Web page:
From the LPF website:
Fresh after earning record-breaking vote totals in the 2014 elections, the Libertarian Party of Florida has achieved another milestone in their quest to become a major political party.
The LPF announced today that the number of registered Libertarians in Florida grew by an impressive 12.68% in the last quarter of 2014. During that same period, the Republican Party grew by a mere 0.2%, while Democrat registration fell by 0.009%.
As the two parties in power remained statistically flat late last year, Libertarians like 2014 Gubernatorial candidate Adrian Wyllie say it is the Libertarian message that is winning, by providing the only alternative to what they call the two-party “duopoly.”
“It’s not surprising that the Republican and Democrat parties are stagnant, while the Libertarian Party is growing rapidly. We’re the only party offering common-sense government solutions that benefit everybody,” said Wyllie.
Once considered to be on the sidelines of Florida politics, Libertarian clout, in both Tallahassee and on Main Street, has grown dramatically in recent years. By promoting policies of substantially lower taxes, privacy rights, a free-market economy and civil liberties, they may have tapped into a popular shift among Florida voters.
Despite being outspent nearly 1000-to-1, Wyllie received over 223,000 votes for Governor in 2014, which was the largest vote total for a Libertarian candidate in Florida history. LPF candidates like Bill Wohlsifer for Attorney General and Lucas Overby for Congress also broke new ground for Libertarians in their respective races.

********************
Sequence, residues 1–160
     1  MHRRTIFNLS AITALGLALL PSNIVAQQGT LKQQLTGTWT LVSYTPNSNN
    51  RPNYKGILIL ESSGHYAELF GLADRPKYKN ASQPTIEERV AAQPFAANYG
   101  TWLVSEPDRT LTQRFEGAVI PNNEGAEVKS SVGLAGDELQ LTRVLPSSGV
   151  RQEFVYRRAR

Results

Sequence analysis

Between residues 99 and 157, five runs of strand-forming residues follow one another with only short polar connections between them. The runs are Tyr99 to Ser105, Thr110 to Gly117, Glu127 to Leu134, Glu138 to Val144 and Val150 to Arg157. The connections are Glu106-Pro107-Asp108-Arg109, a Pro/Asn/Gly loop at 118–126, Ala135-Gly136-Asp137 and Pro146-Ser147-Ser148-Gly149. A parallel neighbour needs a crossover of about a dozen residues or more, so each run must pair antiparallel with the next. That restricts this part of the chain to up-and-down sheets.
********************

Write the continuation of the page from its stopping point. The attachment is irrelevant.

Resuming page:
If the 58% of Floridians that voted in favor medical marijuana in the last election are any indication, Libertarians may find themselves on the winning side of more issues in 2016 and beyond. LPF Chairwoman Dana Moxley-Cummings believes this is only the beginning.
“Voters do not want any part of the entangled mess the two-party system has become, and they are making it known in every way possible. The Libertarian Party offers the only organized response to the establishment. I wouldn’t expect anything less than for this trend to continue,” said Moxley-Cummings.
They call it the 5% Initiative. Their goal is to register 5% of Florida voters as Libertarians, which would grant the LPF “major party” status under state law. If current voter registration trends continue, the Libertarian Party could be on equal footing with Republicans and Democrats in as few as six years.
“If you ask 100 people on the street, about one third of them will agree with the Libertarian platform right down the line,” said Wyllie. “There’s already tens of millions of Libertarians out there, but they just don’t know there’s a political party that believes what they do. We’re going to tell them.”